Crime and Punishment
Social media makes customers powerful advocates if they like what a business does – but formidable enemies if they are unhappy with the service they receive. People are still talking about the incident in 2009 when a United Airlines traveller saw his guitar damaged by luggage handlers, and found his protest ignored by customer service staff. Before social media his complaint would have counted for nothing – the tiny voice of that grain of sand.
The mistake United Airlines made was to ignore the opportunity to secure the customer as an advocate by improving his experience. UA saw him as a lone-voiced, insignificant; but he was certainly not a lone voice for long. His YouTube video went viral and he was soon joined by eleven million supporters attacking United Airlines’ poor customer service. UA’s failure to understand customer relationships cost its shareholders a reported $180 million.
Build – or destroy
Some marketers say that everything a firm does involving its customer interaction is either a relationship builder or a relationship destroyer. News travels fast, and failing to embrace business simplification tools for process management and customer service can trigger a PR nightmare.
When Netflix announced a new pricing structure, some customers spotted that bills could rise by as much as 60 per cent. Before Generation Y, customers would have been left muttering to themselves in isolated frustration. But within six hours of the announcement Facebook was buzzing with more than 9,000 comments. By the time Netflix woke up to the significance of the protest a remarkable 805,000 customers had cancelled their subscriptions.
The dream ticket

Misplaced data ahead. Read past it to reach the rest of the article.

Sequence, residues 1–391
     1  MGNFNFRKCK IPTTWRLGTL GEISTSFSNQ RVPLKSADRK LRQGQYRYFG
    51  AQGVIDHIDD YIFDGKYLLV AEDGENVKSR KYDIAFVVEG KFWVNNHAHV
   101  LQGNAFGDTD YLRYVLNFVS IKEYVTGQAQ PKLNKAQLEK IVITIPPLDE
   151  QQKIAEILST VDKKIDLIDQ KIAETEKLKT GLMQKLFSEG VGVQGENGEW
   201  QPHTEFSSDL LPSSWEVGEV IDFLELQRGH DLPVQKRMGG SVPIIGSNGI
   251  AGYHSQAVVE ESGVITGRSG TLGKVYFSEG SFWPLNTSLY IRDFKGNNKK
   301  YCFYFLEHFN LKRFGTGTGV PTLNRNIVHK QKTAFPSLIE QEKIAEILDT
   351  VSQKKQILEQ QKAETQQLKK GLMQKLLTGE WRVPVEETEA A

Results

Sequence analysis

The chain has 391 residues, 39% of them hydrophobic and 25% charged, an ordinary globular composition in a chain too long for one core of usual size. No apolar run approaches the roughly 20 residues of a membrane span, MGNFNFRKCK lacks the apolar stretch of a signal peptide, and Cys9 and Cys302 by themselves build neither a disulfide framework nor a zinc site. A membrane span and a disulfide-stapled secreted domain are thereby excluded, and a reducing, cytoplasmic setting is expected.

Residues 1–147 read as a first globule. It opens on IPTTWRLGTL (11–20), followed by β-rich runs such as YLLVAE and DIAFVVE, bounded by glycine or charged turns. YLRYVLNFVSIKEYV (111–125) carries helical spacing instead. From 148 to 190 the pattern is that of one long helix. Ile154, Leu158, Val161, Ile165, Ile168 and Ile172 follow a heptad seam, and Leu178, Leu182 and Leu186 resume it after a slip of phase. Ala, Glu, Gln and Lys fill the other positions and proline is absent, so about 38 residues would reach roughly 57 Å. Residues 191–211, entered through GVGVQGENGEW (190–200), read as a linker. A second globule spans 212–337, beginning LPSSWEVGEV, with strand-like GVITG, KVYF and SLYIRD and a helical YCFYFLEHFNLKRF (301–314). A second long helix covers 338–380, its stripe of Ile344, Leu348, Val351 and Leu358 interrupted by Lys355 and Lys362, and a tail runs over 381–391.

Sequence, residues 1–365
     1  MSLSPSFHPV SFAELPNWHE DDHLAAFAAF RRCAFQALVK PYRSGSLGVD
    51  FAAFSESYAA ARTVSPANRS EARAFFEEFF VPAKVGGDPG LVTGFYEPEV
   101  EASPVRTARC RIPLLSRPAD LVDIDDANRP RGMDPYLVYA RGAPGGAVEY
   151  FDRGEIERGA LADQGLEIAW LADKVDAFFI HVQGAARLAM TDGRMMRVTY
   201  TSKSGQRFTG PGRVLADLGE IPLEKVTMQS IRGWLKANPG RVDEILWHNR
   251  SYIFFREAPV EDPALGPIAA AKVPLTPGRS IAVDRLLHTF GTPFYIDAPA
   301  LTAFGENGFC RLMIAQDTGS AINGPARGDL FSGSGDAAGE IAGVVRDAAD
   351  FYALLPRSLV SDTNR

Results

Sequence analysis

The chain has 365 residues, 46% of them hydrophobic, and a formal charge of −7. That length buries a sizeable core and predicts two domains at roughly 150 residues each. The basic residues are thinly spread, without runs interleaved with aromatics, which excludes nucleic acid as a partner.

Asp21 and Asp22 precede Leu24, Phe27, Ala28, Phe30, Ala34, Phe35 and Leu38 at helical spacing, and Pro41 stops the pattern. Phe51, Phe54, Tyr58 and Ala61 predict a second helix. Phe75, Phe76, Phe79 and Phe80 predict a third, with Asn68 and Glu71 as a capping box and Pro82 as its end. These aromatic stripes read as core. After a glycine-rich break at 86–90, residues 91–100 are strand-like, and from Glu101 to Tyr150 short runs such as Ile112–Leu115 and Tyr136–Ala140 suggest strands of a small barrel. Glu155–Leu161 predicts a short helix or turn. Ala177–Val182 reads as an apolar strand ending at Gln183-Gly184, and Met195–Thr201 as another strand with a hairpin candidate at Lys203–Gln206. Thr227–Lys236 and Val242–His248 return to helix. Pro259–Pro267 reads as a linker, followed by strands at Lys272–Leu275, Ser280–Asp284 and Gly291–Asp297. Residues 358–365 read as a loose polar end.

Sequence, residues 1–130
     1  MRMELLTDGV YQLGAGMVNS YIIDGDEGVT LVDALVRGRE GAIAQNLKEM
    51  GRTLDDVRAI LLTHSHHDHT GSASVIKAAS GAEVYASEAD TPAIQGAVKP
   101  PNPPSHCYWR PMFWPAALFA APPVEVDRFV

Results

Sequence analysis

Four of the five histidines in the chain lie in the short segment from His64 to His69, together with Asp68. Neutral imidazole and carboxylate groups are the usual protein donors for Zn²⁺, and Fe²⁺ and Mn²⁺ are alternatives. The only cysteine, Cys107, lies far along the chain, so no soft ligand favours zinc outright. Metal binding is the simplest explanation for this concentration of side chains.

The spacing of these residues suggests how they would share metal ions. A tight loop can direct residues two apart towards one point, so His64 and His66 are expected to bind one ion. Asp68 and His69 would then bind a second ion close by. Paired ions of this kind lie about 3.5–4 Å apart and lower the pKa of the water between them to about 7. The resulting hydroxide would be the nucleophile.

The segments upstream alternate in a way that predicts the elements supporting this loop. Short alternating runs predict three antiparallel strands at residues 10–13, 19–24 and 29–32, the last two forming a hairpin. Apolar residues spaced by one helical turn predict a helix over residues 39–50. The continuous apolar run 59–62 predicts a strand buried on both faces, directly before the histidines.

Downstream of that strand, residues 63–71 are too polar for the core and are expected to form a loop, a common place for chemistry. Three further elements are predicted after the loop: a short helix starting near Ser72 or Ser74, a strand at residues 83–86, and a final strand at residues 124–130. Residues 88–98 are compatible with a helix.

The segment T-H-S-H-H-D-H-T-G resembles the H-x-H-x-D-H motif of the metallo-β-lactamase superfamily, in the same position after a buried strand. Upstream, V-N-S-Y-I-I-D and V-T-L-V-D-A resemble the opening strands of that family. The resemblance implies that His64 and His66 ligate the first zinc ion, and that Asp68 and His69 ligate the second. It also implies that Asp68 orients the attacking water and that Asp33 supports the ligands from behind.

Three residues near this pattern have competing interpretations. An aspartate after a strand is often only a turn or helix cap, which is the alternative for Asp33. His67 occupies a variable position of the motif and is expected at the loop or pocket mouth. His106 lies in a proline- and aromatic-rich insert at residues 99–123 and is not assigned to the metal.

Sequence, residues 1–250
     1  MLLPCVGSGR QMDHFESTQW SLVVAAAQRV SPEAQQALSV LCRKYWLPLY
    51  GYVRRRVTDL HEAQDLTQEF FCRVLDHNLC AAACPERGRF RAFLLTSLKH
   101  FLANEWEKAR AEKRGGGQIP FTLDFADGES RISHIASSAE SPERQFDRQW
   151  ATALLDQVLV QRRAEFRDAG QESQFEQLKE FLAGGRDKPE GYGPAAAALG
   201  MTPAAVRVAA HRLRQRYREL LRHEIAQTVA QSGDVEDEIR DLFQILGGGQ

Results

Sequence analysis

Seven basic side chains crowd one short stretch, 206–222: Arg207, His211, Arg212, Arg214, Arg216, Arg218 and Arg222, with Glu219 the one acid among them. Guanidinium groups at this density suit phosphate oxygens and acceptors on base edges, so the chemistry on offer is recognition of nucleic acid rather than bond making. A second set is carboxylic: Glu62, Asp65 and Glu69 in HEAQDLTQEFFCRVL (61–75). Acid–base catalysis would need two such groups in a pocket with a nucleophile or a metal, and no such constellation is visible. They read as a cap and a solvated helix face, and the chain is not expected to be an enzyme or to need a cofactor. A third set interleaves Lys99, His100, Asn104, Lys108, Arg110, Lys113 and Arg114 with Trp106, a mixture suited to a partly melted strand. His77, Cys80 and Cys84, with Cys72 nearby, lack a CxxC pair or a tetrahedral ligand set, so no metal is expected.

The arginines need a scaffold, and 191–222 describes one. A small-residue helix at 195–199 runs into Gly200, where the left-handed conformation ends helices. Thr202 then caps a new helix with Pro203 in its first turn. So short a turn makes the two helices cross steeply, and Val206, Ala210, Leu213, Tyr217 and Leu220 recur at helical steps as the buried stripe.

But it’s not all bad news. Creating a personalised customer experience while reducing costs due to efficiencies is achievable. Ask the people who have done it. Pioneers such as Santander, Nationwide Building Society, Barclaycard and RBS have rolled-out agile connected communications to deliver a great online experience by providing a consistent real-time multi channel service – SMS, email, web and social - to a population that is plugged in 24 hours a day, 7 days a week.
Building customer trust through SMS updates, allowing customers to keep on top of their finances or to initiate a transaction through one channel, pause and resume through another without duplication are some of the key values that this generation of customers expect – and that some already receive!
At the same time financial services firms have streamlined, adding simplification and transparency whilst reducing operating costs. Some are reporting customer chase calls down by 65 per cent and complaints down by 90 per cent.
Never before has the service delivery of big corporations been so polarised – unlocking enormous potential for adopters… while simultaneously exposing the risk of dinosaur-like extinction for the complacent.
Business simplification expert Martin Scovell is CEO of www.MatsSoft.co.uk - providing agile communications solutions to the global financial services industry.